eNews has been a volunteer initiative of Sherry Kaseberg for many years, informing those who care about Sherman County and the wider world. She will end publication with the close of 2019. Her electronic news will be missed by me and by many others.

Her publication of December 17, 2019 included this:

“I know no safe depository of the ultimate powers of the society but the people themselves; and if we think them not enlightened enough to exercise their control with a wholesome discretion, the remedy is not to take it from them, but to inform their discretion by education.This is the true corrective of abuses of constitutional power.” —Thomas Jefferson (1820)

That quote from our third president and the principal author of the Declaration of Independence inspired me to attempt some timely and I hope relevant education.

Miracle at Philadelphia is the name of a book written by Catherine Drinker Bowen and published in 1966. It describes how the U.S. Constitution was created, and why. The book title is apt, as proven by what has happened in these United States since 1787.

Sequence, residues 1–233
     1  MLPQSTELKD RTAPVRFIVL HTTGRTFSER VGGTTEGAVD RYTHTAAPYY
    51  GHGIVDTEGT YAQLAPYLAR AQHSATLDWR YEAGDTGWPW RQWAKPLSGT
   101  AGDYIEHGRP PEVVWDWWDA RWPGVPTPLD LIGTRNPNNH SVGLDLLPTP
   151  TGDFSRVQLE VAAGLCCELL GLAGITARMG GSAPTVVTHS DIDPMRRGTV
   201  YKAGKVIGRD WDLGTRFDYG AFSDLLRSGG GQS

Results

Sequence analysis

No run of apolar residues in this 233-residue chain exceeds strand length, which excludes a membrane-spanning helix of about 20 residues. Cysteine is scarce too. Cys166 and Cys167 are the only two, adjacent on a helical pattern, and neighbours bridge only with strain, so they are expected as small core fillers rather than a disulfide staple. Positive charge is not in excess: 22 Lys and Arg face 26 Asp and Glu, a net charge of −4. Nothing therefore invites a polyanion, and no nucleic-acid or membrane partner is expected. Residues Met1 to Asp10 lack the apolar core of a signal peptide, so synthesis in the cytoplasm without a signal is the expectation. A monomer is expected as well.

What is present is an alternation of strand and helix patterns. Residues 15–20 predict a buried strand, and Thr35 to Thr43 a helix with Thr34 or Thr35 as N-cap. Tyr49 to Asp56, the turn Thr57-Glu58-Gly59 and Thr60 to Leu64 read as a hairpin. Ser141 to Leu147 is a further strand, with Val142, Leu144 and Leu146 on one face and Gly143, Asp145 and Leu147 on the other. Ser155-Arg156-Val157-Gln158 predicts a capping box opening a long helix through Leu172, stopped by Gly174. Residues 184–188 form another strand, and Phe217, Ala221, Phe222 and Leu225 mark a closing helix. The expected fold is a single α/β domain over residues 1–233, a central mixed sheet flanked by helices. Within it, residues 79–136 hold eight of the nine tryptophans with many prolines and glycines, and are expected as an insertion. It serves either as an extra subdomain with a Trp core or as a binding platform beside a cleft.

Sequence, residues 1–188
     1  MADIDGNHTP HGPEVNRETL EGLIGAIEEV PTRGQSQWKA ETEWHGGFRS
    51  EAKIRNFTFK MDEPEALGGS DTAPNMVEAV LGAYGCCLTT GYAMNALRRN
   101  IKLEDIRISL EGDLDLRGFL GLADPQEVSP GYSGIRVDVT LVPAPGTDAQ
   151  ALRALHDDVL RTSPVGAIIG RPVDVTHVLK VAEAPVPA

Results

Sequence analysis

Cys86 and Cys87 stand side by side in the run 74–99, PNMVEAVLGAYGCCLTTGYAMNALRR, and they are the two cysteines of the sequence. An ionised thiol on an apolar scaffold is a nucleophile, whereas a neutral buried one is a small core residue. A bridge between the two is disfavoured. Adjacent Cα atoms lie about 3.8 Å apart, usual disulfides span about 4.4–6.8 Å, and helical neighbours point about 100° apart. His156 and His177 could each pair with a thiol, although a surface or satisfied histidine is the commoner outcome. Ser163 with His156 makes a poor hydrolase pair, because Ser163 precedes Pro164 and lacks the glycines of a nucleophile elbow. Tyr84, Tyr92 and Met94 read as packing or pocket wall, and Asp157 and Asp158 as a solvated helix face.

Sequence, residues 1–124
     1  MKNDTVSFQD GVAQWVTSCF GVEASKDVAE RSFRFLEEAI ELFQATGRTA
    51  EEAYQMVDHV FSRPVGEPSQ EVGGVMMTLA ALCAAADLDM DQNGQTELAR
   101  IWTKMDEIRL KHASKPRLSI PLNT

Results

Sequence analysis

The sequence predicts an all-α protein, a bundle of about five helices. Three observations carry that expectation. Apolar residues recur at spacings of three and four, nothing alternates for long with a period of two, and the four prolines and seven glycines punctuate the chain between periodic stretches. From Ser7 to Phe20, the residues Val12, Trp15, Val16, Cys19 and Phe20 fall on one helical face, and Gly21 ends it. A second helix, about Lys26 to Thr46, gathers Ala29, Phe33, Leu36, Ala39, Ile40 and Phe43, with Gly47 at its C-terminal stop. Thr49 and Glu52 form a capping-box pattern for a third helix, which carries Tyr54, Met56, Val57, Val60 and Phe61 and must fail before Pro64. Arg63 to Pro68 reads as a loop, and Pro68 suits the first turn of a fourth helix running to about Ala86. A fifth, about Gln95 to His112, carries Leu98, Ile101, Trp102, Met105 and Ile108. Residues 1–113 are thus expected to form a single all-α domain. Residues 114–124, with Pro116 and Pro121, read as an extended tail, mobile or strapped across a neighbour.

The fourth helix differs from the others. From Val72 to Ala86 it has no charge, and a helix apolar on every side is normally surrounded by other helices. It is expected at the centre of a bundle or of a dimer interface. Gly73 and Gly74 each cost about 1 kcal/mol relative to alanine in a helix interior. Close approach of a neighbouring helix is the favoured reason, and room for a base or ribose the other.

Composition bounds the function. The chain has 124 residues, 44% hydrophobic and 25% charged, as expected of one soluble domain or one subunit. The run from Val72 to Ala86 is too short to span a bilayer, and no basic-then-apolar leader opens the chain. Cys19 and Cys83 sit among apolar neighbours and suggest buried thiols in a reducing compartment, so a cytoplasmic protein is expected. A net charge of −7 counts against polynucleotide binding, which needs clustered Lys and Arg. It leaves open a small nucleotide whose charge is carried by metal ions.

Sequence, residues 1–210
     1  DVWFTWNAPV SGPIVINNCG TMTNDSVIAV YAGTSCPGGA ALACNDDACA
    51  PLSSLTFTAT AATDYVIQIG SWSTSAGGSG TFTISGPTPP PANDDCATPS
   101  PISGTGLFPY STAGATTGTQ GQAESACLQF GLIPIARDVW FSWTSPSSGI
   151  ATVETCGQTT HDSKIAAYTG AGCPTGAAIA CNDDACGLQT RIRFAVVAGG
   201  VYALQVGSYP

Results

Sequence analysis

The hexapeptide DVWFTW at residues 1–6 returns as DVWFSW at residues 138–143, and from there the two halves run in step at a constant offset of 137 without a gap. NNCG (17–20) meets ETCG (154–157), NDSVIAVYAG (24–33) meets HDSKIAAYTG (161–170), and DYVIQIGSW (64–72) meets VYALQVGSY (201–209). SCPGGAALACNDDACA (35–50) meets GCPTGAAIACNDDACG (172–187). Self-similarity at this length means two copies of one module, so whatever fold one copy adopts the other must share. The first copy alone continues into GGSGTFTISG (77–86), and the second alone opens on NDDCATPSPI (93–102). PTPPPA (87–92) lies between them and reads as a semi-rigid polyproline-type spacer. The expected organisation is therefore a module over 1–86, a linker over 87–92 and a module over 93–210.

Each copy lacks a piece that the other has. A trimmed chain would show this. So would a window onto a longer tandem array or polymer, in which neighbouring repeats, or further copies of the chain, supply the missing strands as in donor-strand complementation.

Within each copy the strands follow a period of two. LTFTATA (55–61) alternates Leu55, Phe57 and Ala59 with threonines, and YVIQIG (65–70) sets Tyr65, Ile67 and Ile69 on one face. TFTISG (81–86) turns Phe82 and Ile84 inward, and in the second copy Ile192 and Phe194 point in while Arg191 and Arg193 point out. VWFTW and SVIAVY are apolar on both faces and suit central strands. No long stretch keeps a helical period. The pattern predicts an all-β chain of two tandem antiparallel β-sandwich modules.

Collectively, we have survived a civil war, two world wars, a host of other conflicts, and some imperfect presidents. The genius of separation of powers as well as church and state made it possible to continue through what would have ended lesser forms of government.

Two of the founder-participants in the birth of this nation and the miracle were close friends who became bitter enemies and died within hours of each other on July 4, 1826. At the age of 90, Adams lay on his deathbed while the country celebrated Independence Day. His last words were, “Thomas Jefferson still survives.” He was mistaken. Jefferson had died five hours earlier at Monticello at the age of 83.

What is the relevance of this history today?

John Adams, our second president, and Thomas Jefferson, our third president, had reconciled in the years after they left office. Despite their political differences, they admired and respected each other and valued their relationship. And, they were both aware of their individual and separate significance in what would become the history of this country.

They also knew they had far more in common than they could count as divisive difference. And so they reconciled, as should we.

Thank you, Sherry, for your years of generous service, and for inspiring this opportunity to educate.

Keith Mobley graduated from Sherman High School in 1957, and the University of Oregon Law School in 1971.  He recently retired from a law practice based in Dufur to devote more time to serving as president of the Sunriver owners board of directors.

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